The second last flight consisted of Cabernet Franc and Cabernet Franc blends. Barry waxed lyrical on the difference between those made by Waterkloof and by Morgenster, barely 5 kilometres apart from each other due to the different aspect and microclimate of the 2 estate vineyards. I preferred the fresher, tight, clean cherry wine from Waterkloof to the fuller bodied, riper, fruitier Morgenster Cabernet Franc. The most expensive wine of the tasting – the Raats Family Wine example at a mouth-watering price of R1800 per bottle – was superb. It showed its quality, being rich, intense, smooth, integrated and well balanced with complexity and a long finish, but I was left wondering whether I would buy 10 bottles of the Waterkloof wine instead.
Last up was Higgo’s selection to show New World interpretations of Shiraz, made in Rhône style blends in differing cultivar proportions. My favourite, indeed my favourite wine of the tasting, was the Sadie Family Columella from the Swartland. Drought conditions produced concentrated berry flavours full of ripe intensity that were smooth on the palate. The wine put the Chocolate Block offering made by volume producer Boekenhoutskloof in the shade, even though it was a Platter 5* wine. It was too full bodied with bitter-sweet dark chocolate and coffee notes of plum and cherry for a Rhône style blend, which I would associate with being lighter in character. The final wine, a more classic SMV blend from boutique Bellingham, showed juicier, riper fruits with good intensity.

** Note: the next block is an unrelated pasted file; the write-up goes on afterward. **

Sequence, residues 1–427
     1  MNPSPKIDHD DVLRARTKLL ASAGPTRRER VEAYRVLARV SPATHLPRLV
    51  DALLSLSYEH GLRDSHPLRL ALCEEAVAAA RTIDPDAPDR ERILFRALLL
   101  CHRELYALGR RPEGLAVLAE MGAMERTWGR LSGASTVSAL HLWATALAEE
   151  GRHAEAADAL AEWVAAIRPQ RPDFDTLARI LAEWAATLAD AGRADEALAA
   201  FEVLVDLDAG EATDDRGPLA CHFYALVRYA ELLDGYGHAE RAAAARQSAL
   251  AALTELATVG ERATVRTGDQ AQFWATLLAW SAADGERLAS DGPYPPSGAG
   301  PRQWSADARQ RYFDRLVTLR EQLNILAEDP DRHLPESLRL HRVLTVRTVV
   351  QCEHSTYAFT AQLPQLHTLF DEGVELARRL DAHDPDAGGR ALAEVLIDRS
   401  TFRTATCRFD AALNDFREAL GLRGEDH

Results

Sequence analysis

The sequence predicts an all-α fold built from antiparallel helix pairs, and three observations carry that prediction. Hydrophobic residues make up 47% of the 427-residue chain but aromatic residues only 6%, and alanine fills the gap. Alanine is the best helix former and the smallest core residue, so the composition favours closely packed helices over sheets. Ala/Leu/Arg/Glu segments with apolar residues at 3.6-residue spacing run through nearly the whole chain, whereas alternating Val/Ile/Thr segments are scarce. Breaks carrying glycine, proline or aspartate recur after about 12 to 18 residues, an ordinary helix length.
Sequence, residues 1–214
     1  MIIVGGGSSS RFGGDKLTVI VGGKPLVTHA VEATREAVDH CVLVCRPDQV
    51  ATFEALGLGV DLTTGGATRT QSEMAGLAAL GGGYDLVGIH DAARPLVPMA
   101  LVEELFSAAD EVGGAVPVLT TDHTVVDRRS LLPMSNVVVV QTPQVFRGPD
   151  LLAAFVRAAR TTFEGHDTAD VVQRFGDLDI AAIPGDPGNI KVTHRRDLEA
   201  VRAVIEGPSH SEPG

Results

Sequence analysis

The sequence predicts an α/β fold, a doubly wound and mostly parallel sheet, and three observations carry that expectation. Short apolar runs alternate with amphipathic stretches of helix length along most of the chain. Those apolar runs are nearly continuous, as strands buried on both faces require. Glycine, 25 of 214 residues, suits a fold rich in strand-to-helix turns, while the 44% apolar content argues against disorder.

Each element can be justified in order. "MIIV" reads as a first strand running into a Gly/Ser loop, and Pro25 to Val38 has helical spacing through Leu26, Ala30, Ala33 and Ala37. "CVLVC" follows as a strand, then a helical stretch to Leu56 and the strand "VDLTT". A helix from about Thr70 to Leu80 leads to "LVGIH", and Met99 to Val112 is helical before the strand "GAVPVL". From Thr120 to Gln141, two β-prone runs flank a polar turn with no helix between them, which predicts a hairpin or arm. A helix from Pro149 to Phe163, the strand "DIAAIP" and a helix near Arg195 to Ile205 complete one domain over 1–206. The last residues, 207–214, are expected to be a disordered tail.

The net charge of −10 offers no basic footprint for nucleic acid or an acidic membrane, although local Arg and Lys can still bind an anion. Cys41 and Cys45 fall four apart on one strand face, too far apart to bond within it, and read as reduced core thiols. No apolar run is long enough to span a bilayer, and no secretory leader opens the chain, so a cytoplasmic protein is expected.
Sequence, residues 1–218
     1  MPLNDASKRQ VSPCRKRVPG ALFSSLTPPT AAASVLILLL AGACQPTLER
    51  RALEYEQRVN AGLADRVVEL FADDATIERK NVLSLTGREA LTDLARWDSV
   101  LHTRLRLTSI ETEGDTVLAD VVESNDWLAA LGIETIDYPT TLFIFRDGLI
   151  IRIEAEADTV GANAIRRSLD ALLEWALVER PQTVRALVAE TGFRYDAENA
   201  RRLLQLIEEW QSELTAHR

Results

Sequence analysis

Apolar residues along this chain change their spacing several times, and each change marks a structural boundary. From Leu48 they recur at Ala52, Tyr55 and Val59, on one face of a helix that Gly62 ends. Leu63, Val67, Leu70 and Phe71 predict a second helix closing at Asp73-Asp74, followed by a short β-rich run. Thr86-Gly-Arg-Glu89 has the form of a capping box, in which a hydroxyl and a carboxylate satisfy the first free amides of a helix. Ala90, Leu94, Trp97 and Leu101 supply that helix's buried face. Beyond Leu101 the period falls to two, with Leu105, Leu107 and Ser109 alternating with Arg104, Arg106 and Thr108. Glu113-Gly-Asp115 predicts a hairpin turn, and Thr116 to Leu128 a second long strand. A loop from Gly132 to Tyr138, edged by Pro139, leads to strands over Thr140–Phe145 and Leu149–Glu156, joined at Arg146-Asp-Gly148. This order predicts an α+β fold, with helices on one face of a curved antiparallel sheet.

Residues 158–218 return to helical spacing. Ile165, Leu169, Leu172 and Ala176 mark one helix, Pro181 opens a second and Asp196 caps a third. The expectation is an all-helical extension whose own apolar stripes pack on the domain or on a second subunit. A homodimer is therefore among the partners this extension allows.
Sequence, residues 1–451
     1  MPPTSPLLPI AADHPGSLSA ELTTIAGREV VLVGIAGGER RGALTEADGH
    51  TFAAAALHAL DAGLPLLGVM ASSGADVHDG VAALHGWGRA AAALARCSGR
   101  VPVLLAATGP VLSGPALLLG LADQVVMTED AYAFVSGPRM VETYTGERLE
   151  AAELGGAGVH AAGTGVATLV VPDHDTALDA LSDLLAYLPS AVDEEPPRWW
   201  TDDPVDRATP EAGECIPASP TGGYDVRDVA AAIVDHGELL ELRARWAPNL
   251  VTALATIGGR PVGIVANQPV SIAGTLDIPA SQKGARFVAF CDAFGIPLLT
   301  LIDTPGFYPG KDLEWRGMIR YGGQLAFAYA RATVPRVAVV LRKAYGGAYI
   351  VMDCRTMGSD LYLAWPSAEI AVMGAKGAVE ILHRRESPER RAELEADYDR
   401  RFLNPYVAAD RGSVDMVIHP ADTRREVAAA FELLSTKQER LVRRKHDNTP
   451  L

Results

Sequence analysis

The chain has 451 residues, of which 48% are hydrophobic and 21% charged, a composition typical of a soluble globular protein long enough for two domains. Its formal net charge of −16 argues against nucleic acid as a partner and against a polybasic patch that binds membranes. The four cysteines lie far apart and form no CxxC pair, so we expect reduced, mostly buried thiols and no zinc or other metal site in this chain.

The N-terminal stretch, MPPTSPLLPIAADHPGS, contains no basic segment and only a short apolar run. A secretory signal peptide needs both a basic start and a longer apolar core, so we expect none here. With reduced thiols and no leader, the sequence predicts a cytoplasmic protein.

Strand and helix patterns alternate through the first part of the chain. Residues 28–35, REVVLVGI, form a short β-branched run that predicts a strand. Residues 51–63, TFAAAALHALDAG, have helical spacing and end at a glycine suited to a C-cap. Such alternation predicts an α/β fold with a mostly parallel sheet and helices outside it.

The tasting ended almost as soon as it has begun. I recall my Diploma-student friend Shon commenting ‘18 wines in 110 minutes’ such was the speed of the tasting. The point was well made. One lesson I have yet to learn is to analyse and write quickly, certainly if the pace of the tasting was typical for a SASA meeting. Nonetheless, I thoroughly enjoyed the exalted company and the excellent tasting of a diverse range of South African white and red wines. I cannot wait for the next SASA meeting to broaden my tasting experience and knowledge. I just hope there’s a little more time to savour the wines!
2017 L’Ormarins Die Ou Bostock Chenin Blanc – R250
2017 De Morgenzon DMZ Chenin Blanc – R130
2016 Bosman Optenhorst Chenin Blanc – R315
2016 Boekenhoutskloof Sémillon – R300
2016 Arcangeli Sémillon – R280
2017 Constantia Glen Two (68% Sauvignon Blanc, 32% Sémillon) – R245
2014 Elgin Vintners Chardonnay – R180
2015 Hamilton Russell Chardonnay – R300
2016 Jordan Nine Yards Chardonnay – R250
2017 Craven Cinsault – R200
2017 Van Loggerenberg Geronimo Cinsault – R275
2017 Spioenkop Pinotage – R400
2016 Waterkloof Circumstance Cabernet Franc – R180
2012 Morgenster Lourens River Valley Red (71% Cabernet Franc, 24% Merlot, 5% Cabernet Sauvignon) – R210
2016 Raats Family Wine High Density Cabernet Franc – R1800
2016 Sadie Family Columella (48% Syrah, Mourvèdre, Grenache, Cinsault) – R750
2017 Boekenhoutskloof Chocolate Block (64% Syrah, 14% Grenache, 11% Cinsault, 10% Cabernet Sauvignon, 1% Viognier) – R230
2015 Bellingham Bernard Series SMV (87% Syrah, 10% Mourvèdre, 3% Viognier) – R400